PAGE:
The Purnell Act of 1925 provided federal money to state Agricultural Experiment Stations for research on agriculture and related economic and sociological factors. With those funds, AES director James Jardine hired Maud Wilson to conduct an intensive study of living standards in Oregon farm homes, a study that began Wilson’s career developing standards of health, safety, and modernization for rural homes throughout the U.S.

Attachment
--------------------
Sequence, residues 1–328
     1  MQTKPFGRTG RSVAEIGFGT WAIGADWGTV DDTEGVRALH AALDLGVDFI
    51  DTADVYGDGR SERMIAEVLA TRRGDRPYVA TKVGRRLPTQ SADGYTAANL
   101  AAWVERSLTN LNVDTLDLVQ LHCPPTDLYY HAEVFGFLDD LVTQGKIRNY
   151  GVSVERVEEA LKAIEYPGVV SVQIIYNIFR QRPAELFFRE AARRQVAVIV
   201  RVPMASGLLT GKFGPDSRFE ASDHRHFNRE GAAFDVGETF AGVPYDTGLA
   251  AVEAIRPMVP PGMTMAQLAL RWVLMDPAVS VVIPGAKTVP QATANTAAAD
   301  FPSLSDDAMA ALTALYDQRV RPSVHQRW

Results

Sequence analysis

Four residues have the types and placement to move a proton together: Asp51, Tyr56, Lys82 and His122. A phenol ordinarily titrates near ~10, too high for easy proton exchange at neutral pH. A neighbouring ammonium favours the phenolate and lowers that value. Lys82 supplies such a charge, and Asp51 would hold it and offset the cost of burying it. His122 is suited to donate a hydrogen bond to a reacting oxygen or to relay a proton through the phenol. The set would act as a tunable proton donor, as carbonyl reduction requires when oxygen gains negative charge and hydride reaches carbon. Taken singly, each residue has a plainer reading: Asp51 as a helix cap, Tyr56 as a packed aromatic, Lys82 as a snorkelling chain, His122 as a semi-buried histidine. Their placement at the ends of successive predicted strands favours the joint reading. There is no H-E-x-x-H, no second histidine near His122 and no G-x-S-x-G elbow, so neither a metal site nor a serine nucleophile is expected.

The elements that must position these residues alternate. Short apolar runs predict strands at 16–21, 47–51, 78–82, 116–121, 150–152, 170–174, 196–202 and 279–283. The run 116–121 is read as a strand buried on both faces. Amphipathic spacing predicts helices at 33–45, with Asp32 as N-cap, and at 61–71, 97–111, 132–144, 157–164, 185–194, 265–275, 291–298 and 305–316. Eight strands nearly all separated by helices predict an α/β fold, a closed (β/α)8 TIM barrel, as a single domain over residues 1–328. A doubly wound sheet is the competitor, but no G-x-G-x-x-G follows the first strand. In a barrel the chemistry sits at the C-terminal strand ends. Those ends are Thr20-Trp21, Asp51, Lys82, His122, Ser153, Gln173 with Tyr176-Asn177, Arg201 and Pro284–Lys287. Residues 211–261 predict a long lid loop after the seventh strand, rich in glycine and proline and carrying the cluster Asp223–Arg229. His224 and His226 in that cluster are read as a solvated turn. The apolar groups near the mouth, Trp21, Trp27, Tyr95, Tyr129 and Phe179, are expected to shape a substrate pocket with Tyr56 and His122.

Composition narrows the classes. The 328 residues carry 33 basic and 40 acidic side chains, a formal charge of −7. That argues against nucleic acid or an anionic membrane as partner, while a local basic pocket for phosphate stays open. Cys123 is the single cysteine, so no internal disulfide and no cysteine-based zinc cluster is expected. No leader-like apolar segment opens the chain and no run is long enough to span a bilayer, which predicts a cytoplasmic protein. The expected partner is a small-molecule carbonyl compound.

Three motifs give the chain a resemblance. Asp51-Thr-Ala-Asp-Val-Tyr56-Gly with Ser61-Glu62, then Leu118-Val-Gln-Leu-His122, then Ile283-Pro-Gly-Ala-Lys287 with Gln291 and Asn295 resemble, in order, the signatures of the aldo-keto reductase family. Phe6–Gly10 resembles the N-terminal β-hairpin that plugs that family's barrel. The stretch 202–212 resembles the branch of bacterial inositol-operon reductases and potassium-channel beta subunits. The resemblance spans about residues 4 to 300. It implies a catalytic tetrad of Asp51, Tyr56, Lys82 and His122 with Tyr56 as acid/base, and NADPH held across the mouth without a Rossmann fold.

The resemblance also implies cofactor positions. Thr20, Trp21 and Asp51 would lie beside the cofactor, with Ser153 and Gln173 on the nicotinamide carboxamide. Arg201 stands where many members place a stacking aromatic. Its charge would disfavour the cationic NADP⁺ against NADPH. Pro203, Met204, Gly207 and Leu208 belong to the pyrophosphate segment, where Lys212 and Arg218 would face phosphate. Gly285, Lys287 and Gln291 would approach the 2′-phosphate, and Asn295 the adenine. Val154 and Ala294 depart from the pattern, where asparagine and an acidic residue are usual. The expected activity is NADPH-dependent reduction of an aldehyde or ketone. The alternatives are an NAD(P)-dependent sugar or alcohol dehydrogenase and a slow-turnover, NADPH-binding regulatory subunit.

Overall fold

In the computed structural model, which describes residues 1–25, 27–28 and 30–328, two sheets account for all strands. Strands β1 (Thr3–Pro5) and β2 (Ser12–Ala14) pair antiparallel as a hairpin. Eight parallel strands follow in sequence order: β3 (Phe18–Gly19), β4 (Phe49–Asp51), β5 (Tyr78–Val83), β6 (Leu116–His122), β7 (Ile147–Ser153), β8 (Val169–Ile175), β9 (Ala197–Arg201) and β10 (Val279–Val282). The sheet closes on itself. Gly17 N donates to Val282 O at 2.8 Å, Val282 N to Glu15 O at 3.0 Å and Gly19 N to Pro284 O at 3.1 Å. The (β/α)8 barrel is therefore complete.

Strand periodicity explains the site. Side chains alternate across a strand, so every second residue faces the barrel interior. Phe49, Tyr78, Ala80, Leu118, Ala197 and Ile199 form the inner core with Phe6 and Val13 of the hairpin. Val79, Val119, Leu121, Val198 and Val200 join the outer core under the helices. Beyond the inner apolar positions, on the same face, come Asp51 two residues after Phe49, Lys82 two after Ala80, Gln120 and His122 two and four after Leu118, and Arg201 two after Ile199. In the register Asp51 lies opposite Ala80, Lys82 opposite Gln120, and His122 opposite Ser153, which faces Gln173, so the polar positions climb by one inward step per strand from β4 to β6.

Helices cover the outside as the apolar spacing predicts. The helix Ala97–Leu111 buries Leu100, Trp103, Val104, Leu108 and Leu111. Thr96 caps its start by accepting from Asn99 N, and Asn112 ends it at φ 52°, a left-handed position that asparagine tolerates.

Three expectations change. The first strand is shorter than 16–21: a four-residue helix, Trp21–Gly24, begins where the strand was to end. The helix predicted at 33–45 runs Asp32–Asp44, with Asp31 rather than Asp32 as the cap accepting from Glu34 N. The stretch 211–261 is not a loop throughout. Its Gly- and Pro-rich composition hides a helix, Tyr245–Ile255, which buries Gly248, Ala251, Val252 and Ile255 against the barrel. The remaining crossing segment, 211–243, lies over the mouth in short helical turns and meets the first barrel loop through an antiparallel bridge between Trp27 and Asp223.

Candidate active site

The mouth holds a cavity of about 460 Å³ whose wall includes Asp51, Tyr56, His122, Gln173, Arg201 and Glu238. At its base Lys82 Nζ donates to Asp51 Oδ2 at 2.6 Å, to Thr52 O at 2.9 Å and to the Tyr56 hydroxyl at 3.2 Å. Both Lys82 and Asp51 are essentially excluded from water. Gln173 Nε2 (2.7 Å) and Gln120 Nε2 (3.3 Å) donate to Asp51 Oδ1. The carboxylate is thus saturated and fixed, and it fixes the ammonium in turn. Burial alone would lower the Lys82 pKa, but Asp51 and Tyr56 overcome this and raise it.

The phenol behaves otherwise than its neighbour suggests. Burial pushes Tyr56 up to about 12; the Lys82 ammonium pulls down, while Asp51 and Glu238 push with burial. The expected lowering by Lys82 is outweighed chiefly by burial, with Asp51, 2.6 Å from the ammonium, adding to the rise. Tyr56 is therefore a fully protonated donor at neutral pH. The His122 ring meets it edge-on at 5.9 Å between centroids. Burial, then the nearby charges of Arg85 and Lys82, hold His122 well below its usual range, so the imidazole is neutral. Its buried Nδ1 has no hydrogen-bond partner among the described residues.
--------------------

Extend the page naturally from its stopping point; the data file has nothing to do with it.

Wilson was said to have an admirable background for this research, having boarded in farm homes as a teacher in rural Nebraska. Later, she led Extension work with farm women in Nebraska and Washington. Her first research in Oregon was to document time spent on daily tasks, the drudgery of a farm woman’s work. In the 1920s in Oregon, very few rural kitchens had plumbing, electricity, or any standard for workspace and storage. Washing clothes, preparing meals, butchering, canning, and babysitting were all done in a small space of often haphazardly arranged tables, chairs, and barrels. Wilson’s work led to standards for working-surface heights and other ergonomic, sanitary, and efficiency improvements of rural home design.